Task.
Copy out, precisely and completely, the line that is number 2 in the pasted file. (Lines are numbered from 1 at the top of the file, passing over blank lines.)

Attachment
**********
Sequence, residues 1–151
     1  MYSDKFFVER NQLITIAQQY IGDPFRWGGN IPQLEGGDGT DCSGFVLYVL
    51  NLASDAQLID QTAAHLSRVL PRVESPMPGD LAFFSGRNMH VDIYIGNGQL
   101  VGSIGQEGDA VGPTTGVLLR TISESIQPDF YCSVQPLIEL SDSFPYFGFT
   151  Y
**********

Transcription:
     1  MYSDKFFVER NQLITIAQQY IGDPFRWGGN IPQLEGGDGT DCSGFVLYVL